Despite the ongoing challenges in both the general economy and aviation industry, ATL's traffic levels have remained resilient. Recent enplanement figures over the past two years have been trending in a modest positive direction. Fiscal 2011 indicated a 1.8% improvement in traffic growth while the first six months of the current fiscal year is showing a more modest 0.6% growth in traffic when compared to the same period in fiscal 2011.
Going forward, Fitch believes that there are effective catalysts for additional growth opportunities with the combination of service by Southwest under its own brand coupled with the upcoming completion of the new international terminal. Management has indicated Southwest's potential growth for the Atlanta market can be material as, before the acquisition, there were 40 cities served by Southwest that were not served by AirTran. Still, Fitch views there to be general credit risk to due Delta's significant hubbing. While modest service reductions are not expected to impact the airport's credit, any material de-hubbing conditions would be a credit event.
Atlanta is currently progressing successfully through a multi-year capital program. A major component of the costs has been geared towards the new Maynard H. Jackson International Terminal and this project is expected to be completed by May 2012. The project will enhance international service capacity at the airport. Currently, Atlanta offers the sixth largest international traffic base for a U.S. airport with over 4.9 million enplanements. Growth of international passengers has been significantly higher than those for domestic in recent years. Following the issuance of the series 2012 bonds, the airport expects little future borrowings for the funding of the capital program. Other sources such as PFC pay-go collection, federal grants, and other airport funds are adequate to meet capital spending under the current plan.
The combined debt level (general revenue plus PFC hybrid) represents a modest $56 per enplaned passenger. Based on the aggregate debt of the airport, the leverage in terms of net debt to cashflow available to debt service at 5 times (x) is considered modest for a large-hub airport.
ATL is supported by a well positioned financial profile that include solid overall debt coverage levels of its general revenue bonds 2.3x and substantial unrestricted cash reserves of $421 million in fiscal 2011. Airline costs per enplanement (CPE) are also modest for a large-hub airport at $2.82, and are projected to be slightly lower at $2.72 in fiscal 2012. Based on forecasts that contain reasonable growth assumptions, Fitch believes that coverage levels can remain healthy but will likely decline moderately to the 1.50x level. CPE levels are also expected to rise modestly to the $4.00 level. Separate from these direct costs that carrier pay to the airport, the all-in CPE is $1.70 above this base rate as it includes additional outside operator payments.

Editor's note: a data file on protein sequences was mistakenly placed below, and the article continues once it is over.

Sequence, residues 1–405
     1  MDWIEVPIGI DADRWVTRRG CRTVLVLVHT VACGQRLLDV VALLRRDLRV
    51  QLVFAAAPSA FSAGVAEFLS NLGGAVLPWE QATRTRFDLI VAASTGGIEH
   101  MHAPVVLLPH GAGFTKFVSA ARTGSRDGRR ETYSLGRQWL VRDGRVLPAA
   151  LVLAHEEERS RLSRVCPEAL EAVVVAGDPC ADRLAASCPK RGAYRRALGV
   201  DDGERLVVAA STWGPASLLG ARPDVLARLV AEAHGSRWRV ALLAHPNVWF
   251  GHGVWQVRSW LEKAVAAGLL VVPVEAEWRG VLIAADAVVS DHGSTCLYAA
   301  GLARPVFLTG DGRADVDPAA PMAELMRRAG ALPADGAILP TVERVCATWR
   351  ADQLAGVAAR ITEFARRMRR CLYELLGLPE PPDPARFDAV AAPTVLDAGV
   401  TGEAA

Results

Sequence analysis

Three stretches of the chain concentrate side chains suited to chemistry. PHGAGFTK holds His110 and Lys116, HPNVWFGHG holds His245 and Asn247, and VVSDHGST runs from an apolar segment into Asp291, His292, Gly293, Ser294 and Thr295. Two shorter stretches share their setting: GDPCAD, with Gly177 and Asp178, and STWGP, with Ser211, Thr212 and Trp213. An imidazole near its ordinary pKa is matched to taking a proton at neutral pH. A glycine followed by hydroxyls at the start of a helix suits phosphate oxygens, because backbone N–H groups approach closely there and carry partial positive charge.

The hybrid PFC bonds have a history of self-support from the PFC collections. Fiscal 2011 coverage from PFCs was nearly 4.5x and is expected to remain over 2.0x of future maximum annual debt service based on forecasted traffic levels. There is still some risk to the PFC credit as coverage of the hybrid PFC bonds from PFC collections is to a small extent dependent on the receipts derived from connecting traffic. Still, a subordinate lien on airport general revenues provides adequate risk mitigation. At current traffic levels, the airport collected PFC receipts in excess of $175 million annually. ATL's ability to maintain sound financial metrics as indicated in its current projections will be a key driver for the rating maintenance.
Additional information is available at 'www.fitchratings.com'. The ratings above were solicited by, or on behalf of, the issuer, and therefore, Fitch has been compensated for the provision of the ratings.
Applicable Criteria and Related Research:
--'Rating Criteria for Infrastructure and Project Finance' (Aug. 16, 2011);
--'Rating Criteria for Airports' (Nov. 28, 2011).
Applicable Criteria and Related Research:
Rating Criteria for Infrastructure and Project Finance
Rating Criteria for Airports